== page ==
>Dancing in the streets over Preah Vihear victory

>Cambodians celebrate the listing of Preah Vihear.

The Mekong Times

Cambodians were yesterday dancing in the streets over UNESCO’s decision to list Preah Vihear temple as a World Heritage Site, despite Thailand’s last minute attempts to scupper the registration because of a long-running territorial squabble.
Thousands danced, sang and waved Cambodian flags, chanting “Long live Preah Vihear temple!” in response to news that UNESCO had granted the temple World Heritage Site status, AP reported.
“This is a very auspicious day for us. We’re very delighted,” said Ti Vansi, a medical student who joined his peers in skipping class to hold a celebration rally, according to AP.
Prime Minister Hun Sen called the temple’s designation “a new pride for the people of Cambodia,” in a statement.
Hor Namhong, Cambodia’s deputy prime minister and minister of foreign affairs, yesterday told reporters that the UNESCO decision had been unanimous, with all 21 members of the World Heritage Site Committee voting to register Preah Vihear as a World Heritage Site.
“This is a success of the Cambodian government … and also a
success of Cambodian civilization and
culture,” he said.
Hor Namhong emphasized that the listing of Preah Vihear does not affect sovereignty, with neither nation losing “even one centimeter” of territory. He criticized the politicization of the Preah Vihear issue, branding those raising allegations of encroachment “stupid politicians.” Hor Namhong claimed relations between Cambodia and Thailand remain good, though he declined to say when the nearest border crossing to Preah Vihear will be reopened.
The border crossing was closed after Thai protestors gathered there demanding the “return” of Preah Vihear to Thailand, along with Siem Reap and Battambang provinces.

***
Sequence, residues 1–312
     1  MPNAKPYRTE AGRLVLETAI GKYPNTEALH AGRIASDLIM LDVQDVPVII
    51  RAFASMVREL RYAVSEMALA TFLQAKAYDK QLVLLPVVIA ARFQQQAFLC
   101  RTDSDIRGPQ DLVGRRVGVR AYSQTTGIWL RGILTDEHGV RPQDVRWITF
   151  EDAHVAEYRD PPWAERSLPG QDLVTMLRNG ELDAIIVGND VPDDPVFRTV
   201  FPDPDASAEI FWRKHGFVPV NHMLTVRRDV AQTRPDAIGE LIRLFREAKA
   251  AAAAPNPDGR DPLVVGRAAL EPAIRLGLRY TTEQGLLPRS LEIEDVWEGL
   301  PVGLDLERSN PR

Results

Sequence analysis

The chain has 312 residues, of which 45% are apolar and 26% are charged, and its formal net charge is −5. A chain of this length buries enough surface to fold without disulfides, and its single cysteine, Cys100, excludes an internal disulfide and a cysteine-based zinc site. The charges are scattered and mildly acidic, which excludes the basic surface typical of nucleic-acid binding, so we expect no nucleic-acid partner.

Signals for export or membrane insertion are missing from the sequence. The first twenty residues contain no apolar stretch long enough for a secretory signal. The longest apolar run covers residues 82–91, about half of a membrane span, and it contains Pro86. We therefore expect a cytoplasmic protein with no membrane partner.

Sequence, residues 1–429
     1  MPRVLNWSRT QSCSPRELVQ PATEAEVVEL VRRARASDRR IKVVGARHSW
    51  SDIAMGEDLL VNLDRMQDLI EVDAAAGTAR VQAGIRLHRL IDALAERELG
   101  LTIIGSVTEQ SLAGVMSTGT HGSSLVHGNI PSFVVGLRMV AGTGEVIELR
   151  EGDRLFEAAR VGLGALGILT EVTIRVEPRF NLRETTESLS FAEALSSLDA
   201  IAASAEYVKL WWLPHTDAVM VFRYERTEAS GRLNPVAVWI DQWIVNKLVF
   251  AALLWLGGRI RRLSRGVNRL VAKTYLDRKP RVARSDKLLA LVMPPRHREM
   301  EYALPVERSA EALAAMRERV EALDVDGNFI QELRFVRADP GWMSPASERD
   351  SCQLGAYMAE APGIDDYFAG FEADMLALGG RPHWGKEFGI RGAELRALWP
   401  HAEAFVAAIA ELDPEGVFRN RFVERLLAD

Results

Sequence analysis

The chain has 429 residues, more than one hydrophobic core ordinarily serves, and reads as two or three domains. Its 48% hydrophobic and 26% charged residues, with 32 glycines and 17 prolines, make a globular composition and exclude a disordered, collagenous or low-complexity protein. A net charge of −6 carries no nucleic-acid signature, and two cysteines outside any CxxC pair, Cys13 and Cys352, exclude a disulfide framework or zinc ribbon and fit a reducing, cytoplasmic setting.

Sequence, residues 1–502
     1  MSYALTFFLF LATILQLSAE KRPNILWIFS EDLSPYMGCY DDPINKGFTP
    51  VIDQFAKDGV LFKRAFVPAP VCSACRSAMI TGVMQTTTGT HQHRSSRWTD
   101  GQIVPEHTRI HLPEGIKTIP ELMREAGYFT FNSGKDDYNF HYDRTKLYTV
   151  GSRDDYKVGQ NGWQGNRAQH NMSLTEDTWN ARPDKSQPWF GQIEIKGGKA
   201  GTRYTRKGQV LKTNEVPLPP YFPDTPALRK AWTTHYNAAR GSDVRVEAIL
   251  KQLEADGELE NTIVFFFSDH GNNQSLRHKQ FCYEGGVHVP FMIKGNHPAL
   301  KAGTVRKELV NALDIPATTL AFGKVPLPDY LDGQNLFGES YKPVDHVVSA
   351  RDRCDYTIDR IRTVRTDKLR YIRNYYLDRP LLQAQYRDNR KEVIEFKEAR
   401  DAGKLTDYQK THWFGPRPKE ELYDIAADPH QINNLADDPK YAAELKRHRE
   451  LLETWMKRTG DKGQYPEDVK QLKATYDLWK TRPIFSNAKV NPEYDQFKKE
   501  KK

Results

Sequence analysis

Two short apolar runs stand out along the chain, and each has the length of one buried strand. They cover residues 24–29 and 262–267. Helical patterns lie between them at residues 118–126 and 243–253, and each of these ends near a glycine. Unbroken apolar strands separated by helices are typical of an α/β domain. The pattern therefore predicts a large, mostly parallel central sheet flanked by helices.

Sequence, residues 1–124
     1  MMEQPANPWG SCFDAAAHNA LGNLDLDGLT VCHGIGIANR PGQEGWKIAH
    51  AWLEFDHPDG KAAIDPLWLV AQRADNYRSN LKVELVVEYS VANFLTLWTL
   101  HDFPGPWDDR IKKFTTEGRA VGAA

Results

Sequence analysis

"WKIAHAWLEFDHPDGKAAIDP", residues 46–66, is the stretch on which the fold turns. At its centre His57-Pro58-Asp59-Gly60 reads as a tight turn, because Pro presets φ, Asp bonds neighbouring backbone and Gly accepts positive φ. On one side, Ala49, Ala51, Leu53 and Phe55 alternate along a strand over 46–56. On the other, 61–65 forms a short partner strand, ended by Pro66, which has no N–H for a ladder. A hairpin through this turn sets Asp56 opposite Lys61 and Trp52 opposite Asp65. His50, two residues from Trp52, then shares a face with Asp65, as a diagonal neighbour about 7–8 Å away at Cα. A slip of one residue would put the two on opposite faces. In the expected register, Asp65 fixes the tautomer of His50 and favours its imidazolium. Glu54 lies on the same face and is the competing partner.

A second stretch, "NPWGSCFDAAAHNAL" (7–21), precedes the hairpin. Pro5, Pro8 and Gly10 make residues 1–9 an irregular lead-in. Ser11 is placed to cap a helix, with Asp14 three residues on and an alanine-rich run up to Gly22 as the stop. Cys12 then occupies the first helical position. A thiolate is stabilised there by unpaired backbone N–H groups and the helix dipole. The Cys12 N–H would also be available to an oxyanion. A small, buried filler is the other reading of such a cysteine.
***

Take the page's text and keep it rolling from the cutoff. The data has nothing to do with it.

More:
The UNESCO draft decision obtained by The Mekong Times called Preah Vihear “an outstanding masterpiece of Khmer architecture in terms of plan, decoration and relationship to the spectacular landscape environment.”
Legal protection of the site was “adequate,” UNESCO found, but further archaeological research currently underway “could result in new significant discoveries that might enable consideration of a new transboundary nomination, that would require the consent of both Cambodia and Thailand.”
The draft decision urged Thai-Cambodian cooperation to safeguard the site, as “the peoples of the surrounding region have long treasured the Temple of Preah Vihear.”
UNESCO noted that “the property proposed for inscription is reduced and comprises only the Temple of Preah Vihear and not the wider promontory with its cliffs and caves.”
This meant that “the integrity of the property has to a degree been compromised by the absence of part of the promontory from the perimeter of the property,” because “the attributes of the property comprise the temple complex.”
Preah Vihear temple is the second World Heritage Site in Cambodia, after Angkor Wat, which was listed in 1992.

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